# Diffraction

The diffraction is the behavior of the Onde S when they meet an obstacle which is not completely transparent for them; the phenomenon can be interpreted by the diffusion of a wave by the points of the object. Diffraction appears by the fact that after the meeting of an object, the density of the wave is not preserved according to the laws of the geometrical Optique.

Diffraction is the result of the Interférence waves diffused by each point.

Diffraction is observed with the Lumière, but also with the its, the Vague S, the Neutron S, the X-rays (an electromagnetic wave like the light) or the matter. It is a signature of the undulatory nature of a phenomenon.

To be highlighted clearly, the obstacle which the wave meets must have a relatively small characteristic size compared to the distance at which the observer is placed. If the observer is close to the object, it will observe the geometrical image of the object: that which usually appears to us. The diffraction of the matter particles, i.e. the observation of the matter particles projected against an object, makes it possible to prove that the particles also behave like waves (see the article Dualité wave-particle ).

The larger the length of a wave is compared to an obstacle, plus this wave will have of facility to circumvent, to wrap the obstacle. Thus the long waves (hectometric and kilometric wavelengths) can penetrate in the least recess of terrestrial surface while the retransmissions of satellite television are not possible that if the reception antenna “sees” the satellite.

Concerning the calculative approach, two methods can be used. Firstly, one can consider that each elementary surface of the object emits a spherical wave proportional to this surface (Principe of Huygens-Fresnel), and one summons (or one integrates) the contribution of each surface. Secondly, to explain the figure of diffraction completely, one uses the Théorie of Kirchhoff.

The concept of interference becomes all its extensive when the object has a periodic structure (network). In this case, the object can be represented like a repeated basic cell with regular intervals. The result of the wave is then the superposition - the interference - waves diffracted by the various cells (the unit cell being itself made up of points which diffuse each one the wave). It is this phenomenon which causes the irisation by a CD-ROM.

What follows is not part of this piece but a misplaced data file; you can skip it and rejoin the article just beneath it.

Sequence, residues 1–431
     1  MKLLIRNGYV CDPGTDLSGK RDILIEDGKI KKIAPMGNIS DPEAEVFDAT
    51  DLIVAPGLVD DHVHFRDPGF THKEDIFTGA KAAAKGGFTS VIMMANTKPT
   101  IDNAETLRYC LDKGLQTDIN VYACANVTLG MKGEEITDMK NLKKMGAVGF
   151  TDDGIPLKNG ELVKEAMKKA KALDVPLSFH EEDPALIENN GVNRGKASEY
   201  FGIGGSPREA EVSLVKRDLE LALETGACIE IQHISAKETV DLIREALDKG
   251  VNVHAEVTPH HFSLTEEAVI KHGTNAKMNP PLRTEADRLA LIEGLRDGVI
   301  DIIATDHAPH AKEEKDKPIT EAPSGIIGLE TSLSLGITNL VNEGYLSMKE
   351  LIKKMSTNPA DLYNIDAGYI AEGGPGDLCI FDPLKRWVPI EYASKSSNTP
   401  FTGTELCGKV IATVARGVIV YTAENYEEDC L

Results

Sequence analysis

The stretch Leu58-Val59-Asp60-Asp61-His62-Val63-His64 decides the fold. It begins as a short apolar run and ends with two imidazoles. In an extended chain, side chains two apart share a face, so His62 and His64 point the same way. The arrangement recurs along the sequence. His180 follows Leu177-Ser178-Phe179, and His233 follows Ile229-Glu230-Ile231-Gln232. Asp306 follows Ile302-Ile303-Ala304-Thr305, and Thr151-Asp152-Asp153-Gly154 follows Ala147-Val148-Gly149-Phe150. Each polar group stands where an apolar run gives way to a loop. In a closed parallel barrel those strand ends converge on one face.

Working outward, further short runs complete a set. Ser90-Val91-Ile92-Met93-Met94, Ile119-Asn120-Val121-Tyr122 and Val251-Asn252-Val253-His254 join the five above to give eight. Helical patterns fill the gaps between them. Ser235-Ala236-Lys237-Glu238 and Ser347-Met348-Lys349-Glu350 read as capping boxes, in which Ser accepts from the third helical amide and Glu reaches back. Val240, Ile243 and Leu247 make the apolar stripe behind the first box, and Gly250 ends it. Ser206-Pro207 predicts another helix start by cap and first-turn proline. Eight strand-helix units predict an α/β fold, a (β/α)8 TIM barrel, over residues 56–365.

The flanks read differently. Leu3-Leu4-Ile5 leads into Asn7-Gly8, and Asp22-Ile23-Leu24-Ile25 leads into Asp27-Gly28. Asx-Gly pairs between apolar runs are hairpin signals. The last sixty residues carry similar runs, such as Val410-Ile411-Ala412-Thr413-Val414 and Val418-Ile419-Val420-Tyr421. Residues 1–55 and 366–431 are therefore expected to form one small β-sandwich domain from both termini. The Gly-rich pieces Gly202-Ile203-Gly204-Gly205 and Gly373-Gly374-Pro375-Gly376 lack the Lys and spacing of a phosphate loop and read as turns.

In the approach of the phenomenon, there are thus two levels of interference: the unit cell (diffraction by only one cell), and between the cells (diffraction of the complete object).

If one considers diffraction by a thin layer, one has a reflection of the light to the two interfaces of the layer. The figure of interference obtained (for example, irisations of a thin oil film) results from the interference of the waves diffused by the two interfaces.

## History

From a historical point of view diffraction was discovered with the light in 1665 by Grimaldi. She was interpreted correctly like an undulatory behavior by Huygens, then studied by Fresnel and Fraunhoffer following the experiments of Young (Trous of Young).

For historical reasons, one still distinguishes diffraction from the interferences whereas it is not necessary to do it: these two behaviors derive from the undulatory nature of a phenomenon and do not go one without the other. The reciprocal one is not true, there are interferences without diffraction in the case of the interferences by division of amplitude: gap of air, newton's rings, Perot-Fabry…

## Theoretical approach

The origin of diffraction is the undulatory nature of the phenomenon and to approach it is thus necessary in theory to go back to the equation of wave. One can show that a good approximation of the solution of a problem of diffraction is given by the Principe of Huygens-Fresnel under certain quite precise conditions (paraxial approximation, i.e. observation at relatively long distance compared to dimensions of the obstacle). This principle is founded on the idea that one can regard each point of a wave front as a secondary source and that the wave observed a little further is the result of the interferences between these point sources. Such a vision of the things is made possible thanks to the linearity of the equation of wave.

The Optique of Fourier is the field which treats undulatory behavior of the light through a system of lenses and openings in the paraxial approximation. To simplify calculations, one often uses the concept of Produit convolution.

See the detailed article Theory of diffraction.

## Examples of phenomena of diffraction

Example typical in mechanics of the fluids:

• Vague penetrating in a port by circumventing a pier

Typical examples in acoustics:

• horns of vertically lengthened alarms (the diffusion of the sound allows horizontally)
• the almost closed doors lets nevertheless pass a sound high level: diffraction by entrebâillement

Typical examples in optics:

Typical examples in Crystallography:

## See too

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